"We have three good treatments that worked very, very well," said Dr. John Walkup, study author and pediatric psychiatrist at Johns Hopkins Children's Center in Baltimore, Md. "So if people have the time and the resources and the availability they ought to do combination treatment."
Whether separation anxiety, fear of social situations, worries about dying or panic disorder, doctors see the same anxiety disorders in children that they do in adults.
But those kids often fly under the radar.
"Kids who have attention deficit hyperactivity disorder, they are disruptive in the classroom, teachers notice it, families notice it, everybody notices it," Walkup said. "Anxiety kids are quiet, they are the ones who people miss, they kind of fall between the cracks, if you will, because they are anxious, they are avoidant."
To cope, cognitive behavioral treatment teaches patients new methods to change their behaviors. For instance, in hour-long therapy sessions given throughout the study, kids received training on handling their anxieties and practiced how they would respond to anxiety-provoking situations.
"The toolkit is going to contain a variety of self-soothing techniques that the child can use in those moments where fear or worry is getting the best of them," said clinical psychologist Penny Donnenfeld.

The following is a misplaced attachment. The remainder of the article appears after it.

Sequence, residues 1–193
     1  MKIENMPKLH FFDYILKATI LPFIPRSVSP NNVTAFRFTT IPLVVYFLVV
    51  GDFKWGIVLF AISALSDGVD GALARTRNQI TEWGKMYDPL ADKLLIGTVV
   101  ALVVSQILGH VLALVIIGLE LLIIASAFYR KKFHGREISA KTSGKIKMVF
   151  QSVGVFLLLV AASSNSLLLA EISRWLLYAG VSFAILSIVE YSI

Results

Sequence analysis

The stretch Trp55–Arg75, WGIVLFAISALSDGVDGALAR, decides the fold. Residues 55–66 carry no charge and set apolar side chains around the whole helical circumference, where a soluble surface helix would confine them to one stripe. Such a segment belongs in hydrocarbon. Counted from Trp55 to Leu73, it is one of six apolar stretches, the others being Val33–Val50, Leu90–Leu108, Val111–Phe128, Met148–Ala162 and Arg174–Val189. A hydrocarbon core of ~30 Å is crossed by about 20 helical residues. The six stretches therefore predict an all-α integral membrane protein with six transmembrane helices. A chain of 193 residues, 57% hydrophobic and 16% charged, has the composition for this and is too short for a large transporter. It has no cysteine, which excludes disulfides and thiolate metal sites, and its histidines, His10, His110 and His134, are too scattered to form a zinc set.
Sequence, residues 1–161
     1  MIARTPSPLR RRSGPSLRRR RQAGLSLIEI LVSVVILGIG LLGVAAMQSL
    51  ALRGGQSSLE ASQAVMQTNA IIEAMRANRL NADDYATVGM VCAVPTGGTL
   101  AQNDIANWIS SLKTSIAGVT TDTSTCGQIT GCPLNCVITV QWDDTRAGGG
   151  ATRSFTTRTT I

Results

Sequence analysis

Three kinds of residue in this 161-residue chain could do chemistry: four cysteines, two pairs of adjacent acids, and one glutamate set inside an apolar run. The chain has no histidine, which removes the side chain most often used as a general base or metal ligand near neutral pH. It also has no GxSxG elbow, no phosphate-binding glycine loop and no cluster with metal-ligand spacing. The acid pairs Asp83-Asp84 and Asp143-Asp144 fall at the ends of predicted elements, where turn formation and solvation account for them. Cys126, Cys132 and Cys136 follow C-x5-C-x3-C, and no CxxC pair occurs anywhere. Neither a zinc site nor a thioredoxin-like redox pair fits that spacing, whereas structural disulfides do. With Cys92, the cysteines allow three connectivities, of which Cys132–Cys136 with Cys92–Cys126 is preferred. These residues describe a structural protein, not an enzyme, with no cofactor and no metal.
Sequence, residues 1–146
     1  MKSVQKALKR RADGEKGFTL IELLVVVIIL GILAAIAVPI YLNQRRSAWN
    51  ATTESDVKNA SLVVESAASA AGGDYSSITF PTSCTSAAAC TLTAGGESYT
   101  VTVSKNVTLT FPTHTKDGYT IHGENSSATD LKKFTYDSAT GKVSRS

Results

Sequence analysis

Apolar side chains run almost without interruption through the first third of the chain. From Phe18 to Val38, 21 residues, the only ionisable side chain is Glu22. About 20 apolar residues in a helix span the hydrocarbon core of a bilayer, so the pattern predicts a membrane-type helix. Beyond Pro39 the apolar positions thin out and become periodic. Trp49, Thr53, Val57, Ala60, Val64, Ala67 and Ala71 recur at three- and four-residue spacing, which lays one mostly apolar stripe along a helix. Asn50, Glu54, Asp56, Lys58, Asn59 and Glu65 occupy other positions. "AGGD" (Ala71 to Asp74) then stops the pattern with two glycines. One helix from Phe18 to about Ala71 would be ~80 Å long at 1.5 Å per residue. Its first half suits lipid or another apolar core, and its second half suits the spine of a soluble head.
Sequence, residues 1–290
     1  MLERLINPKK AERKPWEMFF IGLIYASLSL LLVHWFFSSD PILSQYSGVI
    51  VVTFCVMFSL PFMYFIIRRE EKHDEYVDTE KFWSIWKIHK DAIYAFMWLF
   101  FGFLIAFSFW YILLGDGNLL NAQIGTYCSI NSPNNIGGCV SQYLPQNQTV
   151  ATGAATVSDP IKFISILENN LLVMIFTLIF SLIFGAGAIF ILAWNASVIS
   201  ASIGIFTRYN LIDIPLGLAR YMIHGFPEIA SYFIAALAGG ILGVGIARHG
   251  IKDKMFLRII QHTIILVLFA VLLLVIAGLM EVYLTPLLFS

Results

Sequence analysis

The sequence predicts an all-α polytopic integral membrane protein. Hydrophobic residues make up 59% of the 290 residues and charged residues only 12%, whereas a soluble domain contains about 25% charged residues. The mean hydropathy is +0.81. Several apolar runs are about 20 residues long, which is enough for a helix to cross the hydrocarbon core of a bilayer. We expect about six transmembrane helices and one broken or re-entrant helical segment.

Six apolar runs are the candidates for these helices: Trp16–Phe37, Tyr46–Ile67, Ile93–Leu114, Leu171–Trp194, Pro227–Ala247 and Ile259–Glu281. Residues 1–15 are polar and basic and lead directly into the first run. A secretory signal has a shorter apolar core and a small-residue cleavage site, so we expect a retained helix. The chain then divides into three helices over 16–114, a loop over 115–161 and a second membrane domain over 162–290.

The study found that especially when combined with the medication sertraline, which works by helping nerve cells send the chemical serotonin in the brain, doctors saw results.
Although not part of the study, which examined kids between 7 and 17, Caitlin said her own experiences mirror its results.
"I think that a combination of therapy and medications work best for me and works best for most people," Caitlin said.
"There are people out there suffering mentally, not just physically, that need help and need treatment, and that treatment can really give you your life back," she said.
Caitlin has also launched a Web site, www.stepoutofthesilence.org, to encourage other young people to speak up about their struggles, the kind of effort that her mother, Tina Carey, is thrilled to see.
"Within two or three months, Caitlin, all of a sudden, the thing that I could see most was I could see joy in her face and I could see choice," she said. "And those two things were not evident before that."
Walkup said he hopes treating childhood anxieties will help prevent problems later in life.
The ideal is that "they won't have the same kinds of problems that kids who are untreated have: risk for depression, risk for anxiety as they move into adolescent years, and substance abuse problems," Walkup said.